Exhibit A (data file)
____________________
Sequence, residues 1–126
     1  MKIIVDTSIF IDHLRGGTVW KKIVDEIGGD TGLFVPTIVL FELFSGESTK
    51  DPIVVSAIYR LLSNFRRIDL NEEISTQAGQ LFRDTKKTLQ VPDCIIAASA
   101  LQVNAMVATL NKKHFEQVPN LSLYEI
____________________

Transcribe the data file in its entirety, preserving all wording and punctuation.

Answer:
Sequence, residues 1–126
     1  MKIIVDTSIF IDHLRGGTVW KKIVDEIGGD TGLFVPTIVL FELFSGESTK
    51  DPIVVSAIYR LLSNFRRIDL NEEISTQAGQ LFRDTKKTLQ VPDCIIAASA
   101  LQVNAMVATL NKKHFEQVPN LSLYEI